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Media Coverage Of The Emmitt Till Murder Played A Major Role In The Civil Rights Movement

1534 words - 7 pages

On August 28, 1955, fourteen year old Emmett Till was beaten, tortured and shot. Then with barbed wire wrapped around his neck and tied to a large fan, his body was discarded into the Tallahatchi River. What was young Emmett’s offense that brought on this heinous reaction of two grown white men? When he went into a store to buy some bubblegum he allegedly whistled at a white female store clerk, who happened to be the store owner’s wife. That is the story of the end of Emmett Till’s life. Lynchings, beatings and cross-burning had been happening in the United States for years. But it was not until this young boy suffered an appalling murder in Mississippi that the eyes of a nation were ...view middle of the document...

Because there is no way that I could tell this story and give them the visual picture of what my son looked like” (The Untold Story of Emmett Louis Till). As quoted in the same documentary, Rev. Al Sharpton recalls this poignant moment in Civil Rights history and what it meant to black people in America at the time. Sharpton summarizes her decision, “She found the strength to say, ‘I’ll bear my pain to save some other mother from having to go through this’. And because she put the picture of this young man’s body on the conscious of America she might have saved thousands of young black men and women’s lives.” The Reverend goes on to say that through the media coverage of the funeral, “She was able to graphically bring home what a thousand speeches could not” therefore forcing America face it’s problem of racism.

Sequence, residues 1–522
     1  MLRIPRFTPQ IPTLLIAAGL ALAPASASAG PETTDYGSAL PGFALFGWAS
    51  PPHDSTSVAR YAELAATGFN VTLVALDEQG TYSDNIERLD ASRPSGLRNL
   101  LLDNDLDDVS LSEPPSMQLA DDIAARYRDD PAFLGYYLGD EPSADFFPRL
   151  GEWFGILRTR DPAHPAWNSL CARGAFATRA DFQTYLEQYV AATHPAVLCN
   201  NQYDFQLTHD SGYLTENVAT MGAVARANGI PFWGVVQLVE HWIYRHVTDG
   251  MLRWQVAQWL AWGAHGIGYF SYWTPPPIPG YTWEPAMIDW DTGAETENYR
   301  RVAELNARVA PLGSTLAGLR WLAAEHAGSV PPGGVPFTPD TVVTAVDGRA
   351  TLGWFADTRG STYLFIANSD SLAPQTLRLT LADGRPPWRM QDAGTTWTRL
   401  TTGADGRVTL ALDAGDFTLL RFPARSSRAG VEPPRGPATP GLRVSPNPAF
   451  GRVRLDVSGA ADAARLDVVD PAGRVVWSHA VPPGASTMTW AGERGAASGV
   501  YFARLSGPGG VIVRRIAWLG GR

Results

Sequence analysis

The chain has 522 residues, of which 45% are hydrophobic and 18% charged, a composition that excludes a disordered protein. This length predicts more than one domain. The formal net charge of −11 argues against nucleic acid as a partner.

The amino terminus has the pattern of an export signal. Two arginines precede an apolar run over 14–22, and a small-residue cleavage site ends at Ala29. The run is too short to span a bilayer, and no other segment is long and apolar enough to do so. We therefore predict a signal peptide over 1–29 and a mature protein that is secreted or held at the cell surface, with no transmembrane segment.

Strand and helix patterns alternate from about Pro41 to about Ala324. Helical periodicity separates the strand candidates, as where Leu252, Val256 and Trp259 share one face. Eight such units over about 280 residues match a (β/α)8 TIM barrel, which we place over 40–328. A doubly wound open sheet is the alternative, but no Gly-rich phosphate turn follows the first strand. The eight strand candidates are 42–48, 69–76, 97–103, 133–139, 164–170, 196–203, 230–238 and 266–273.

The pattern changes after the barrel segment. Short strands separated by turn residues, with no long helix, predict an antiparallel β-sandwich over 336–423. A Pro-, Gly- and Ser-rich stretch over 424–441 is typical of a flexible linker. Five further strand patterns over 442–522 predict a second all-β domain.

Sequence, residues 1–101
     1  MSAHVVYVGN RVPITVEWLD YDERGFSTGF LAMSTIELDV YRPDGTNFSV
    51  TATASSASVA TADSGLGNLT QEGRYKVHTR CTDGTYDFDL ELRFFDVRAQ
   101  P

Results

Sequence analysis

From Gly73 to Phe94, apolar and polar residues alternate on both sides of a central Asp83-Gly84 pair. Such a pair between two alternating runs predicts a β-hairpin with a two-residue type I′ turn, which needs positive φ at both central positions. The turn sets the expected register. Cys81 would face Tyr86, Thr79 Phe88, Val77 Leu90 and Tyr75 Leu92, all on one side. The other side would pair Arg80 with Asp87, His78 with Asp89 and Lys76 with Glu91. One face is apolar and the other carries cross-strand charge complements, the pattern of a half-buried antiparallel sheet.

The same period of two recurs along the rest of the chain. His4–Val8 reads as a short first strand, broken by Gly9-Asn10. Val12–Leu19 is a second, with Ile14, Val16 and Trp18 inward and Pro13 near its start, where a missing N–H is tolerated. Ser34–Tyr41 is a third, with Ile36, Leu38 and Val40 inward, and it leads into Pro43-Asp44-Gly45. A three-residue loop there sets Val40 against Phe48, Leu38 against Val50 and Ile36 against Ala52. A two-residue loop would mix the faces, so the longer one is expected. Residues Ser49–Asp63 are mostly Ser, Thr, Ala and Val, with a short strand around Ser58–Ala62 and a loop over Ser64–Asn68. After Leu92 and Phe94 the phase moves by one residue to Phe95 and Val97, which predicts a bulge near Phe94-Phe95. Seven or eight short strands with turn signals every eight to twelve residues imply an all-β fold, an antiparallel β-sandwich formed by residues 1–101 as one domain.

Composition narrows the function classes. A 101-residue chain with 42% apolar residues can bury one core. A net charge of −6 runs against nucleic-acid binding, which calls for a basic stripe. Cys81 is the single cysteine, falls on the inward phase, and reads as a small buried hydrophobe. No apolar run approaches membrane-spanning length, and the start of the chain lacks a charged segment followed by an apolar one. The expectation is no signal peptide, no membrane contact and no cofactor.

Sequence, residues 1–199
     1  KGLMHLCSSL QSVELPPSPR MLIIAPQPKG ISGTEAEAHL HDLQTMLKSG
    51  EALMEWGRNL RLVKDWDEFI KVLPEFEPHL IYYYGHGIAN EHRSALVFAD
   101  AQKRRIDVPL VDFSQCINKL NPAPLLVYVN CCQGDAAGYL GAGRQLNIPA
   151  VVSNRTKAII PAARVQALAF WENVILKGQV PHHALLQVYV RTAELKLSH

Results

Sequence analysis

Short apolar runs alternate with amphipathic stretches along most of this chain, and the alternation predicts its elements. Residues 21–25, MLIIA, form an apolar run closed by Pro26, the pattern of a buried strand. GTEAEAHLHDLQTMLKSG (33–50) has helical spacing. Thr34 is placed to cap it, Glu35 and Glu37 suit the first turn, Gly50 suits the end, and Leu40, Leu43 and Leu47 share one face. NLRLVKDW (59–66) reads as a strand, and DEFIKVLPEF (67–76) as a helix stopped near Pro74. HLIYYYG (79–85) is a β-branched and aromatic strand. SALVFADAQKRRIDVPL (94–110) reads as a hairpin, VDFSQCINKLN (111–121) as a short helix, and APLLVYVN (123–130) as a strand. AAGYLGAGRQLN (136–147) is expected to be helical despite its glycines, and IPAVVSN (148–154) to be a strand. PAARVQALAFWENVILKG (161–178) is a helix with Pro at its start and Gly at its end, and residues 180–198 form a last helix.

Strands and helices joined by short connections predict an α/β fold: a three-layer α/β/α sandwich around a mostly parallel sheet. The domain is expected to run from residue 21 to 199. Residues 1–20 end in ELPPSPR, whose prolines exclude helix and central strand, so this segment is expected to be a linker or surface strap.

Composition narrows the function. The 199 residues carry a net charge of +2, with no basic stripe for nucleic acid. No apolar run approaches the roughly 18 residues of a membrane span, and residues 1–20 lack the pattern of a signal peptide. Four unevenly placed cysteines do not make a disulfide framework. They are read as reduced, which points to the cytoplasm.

News of Emmett Till’s murder reached media sources across the country and over the ocean. PBS’s history series The American Experience, provides a timeline of how his story spread like wildfire to newspapers around the world. PBS lists several publications which addressed the murder causing universal public outrage at how something like this could happen to anyone, especially a child. The list includes that on September 2nd, the same day in which Mrs. Till received her son’s body in Chicago, The Jackson Daily in Mississippi published an article on the Till case. In it they refer to the murder as a “brutal, senseless crime,” however in the same story they complain that the NAACP was placing too much attention on the incident by referring to it as a “lynching”. That same day a Belgium newspaper, Le Drapeau Rouge also published an article which was titled "Racism in the USA: A young black is lynched in Mississippi”. The following week Jet Magazine, a national publication, and The Chicago Defender both publish grisly photographs of Till’s mutilated and bloated corpse. Consequently, multiple papers in both Belgium and France were also following the story. On September 28th , the German newspaper Freies Volk publishes their article entitled, "The Life of a Negro Isn't Worth a Whistle."
At the time of the murder trial in September 1955, many television and newspaper reporters convened outside the courthouse on a daily basis. News reporter Dan Wakefield worked for The Nation which is a weekly news magazine. Regarding mass media coverage of the trial in Mississippi, he explained that the locals did not understand why the media was making such a big deal about the case. According to Mr. Wakefield the locals were well aware that the two men accused, J.W. Milam and Roy Bryant, had committed the murder yet no one wanted them to be charged (The Untold Story of Emmett Louis Till). In spite of the eye witnesses to them coming in the house and taking a sleeping Emmett out his bed, and being spotted at the barn where the beating and torture took place, the two white men were acquitted of the murder and subsequent kidnapping charges by an...

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